By Anthony Agostino
If you think you’ve got the Ontario Student Assistance Program all figured out, think again.
On Feb. 20, Ontario Education and Training Minister Dave Johnson announced an income-contingent loan repayment program (ICLRP), and asked Canada’s major banks for assistance in revising the student loan system.
ICRLPs base the repayment of student loans on how much a person earns after graduation. The government said it is relieving the debt burden facing low-income graduates. Student activists said it imprisons students paying back loans.
Some of the highlights of the plan, which the government hopes to introduce in 1998, include:
- Giving graduates 15 years to repay their loans instead of the current 10 years, which should mean cheaper monthly payments
- Allowing students who get low-income jobs to make interest-only payments for 12 months
- Graduates in low paying jobs can seek help from the government to pay their interest over an 18-month span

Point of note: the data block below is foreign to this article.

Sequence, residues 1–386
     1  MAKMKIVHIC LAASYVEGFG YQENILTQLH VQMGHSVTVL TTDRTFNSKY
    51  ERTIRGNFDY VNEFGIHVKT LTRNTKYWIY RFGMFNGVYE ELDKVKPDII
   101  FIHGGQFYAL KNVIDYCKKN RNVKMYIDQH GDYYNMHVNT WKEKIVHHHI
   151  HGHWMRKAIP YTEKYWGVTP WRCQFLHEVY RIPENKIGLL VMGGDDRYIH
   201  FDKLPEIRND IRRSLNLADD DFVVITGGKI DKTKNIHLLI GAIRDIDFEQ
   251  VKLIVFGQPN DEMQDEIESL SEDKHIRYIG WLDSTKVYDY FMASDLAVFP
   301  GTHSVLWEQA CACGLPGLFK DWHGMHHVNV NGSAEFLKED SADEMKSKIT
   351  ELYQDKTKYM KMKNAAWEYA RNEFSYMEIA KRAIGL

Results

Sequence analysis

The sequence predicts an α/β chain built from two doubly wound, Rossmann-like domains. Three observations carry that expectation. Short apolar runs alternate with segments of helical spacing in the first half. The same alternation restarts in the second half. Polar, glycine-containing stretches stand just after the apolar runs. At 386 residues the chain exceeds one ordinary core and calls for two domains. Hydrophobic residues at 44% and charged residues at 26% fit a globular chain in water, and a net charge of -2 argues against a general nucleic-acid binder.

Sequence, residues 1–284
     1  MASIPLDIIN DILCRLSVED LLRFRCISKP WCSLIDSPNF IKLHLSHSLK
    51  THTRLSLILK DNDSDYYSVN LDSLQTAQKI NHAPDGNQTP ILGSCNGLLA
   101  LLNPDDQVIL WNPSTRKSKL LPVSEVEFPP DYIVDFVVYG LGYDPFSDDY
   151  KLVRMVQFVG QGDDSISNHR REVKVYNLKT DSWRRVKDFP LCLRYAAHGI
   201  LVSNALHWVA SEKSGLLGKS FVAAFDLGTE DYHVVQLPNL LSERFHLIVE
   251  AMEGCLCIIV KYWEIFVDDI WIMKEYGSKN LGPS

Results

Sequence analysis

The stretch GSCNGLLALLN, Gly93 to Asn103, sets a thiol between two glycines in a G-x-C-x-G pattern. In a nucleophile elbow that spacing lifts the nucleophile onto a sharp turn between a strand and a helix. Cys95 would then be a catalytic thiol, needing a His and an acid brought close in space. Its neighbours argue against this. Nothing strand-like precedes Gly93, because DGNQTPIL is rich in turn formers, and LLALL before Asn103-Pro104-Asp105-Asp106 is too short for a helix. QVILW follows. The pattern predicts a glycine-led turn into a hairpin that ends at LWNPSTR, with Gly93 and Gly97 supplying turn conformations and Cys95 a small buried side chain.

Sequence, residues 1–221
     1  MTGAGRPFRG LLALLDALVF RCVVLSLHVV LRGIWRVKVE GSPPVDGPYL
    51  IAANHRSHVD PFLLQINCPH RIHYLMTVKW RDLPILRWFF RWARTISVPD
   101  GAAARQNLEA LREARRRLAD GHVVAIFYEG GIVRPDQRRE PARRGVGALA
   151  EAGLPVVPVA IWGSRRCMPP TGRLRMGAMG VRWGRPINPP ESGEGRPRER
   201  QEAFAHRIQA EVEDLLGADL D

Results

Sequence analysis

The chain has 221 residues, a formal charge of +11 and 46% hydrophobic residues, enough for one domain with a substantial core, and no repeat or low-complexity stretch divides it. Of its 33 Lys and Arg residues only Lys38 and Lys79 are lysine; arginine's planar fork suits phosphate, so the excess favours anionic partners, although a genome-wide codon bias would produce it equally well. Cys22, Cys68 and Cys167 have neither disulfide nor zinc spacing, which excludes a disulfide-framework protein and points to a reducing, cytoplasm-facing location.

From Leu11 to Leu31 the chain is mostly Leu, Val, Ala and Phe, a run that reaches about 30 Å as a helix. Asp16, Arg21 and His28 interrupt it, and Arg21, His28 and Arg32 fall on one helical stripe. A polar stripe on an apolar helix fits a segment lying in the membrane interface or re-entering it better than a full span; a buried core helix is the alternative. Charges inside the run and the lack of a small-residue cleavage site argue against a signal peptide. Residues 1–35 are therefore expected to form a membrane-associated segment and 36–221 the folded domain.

Wally Hill, senior manager of corporation communication for CIBC, said the government is not relieving debt.
“The only request that suggested debt reduction was the term extension [to 15 years], but if that’s their only remedy, it’s not good enough.”
Gord Tanner, RyeSAC’s VP education, said the income reduction plan is a vehicle for the provincial government to raise tuition fees.
“[ICRPLs] will provide a green light for tuition to go through the roof,” said Tanner. “We’ve seen it happen in Australia and New Zealand and it’ll happen here too.”
Hill said a package of reforms to reduce graduates’ debt is what is needed. This would include implementing grants, debt reliefs and loan remission programs to help students pay off debts while still in school.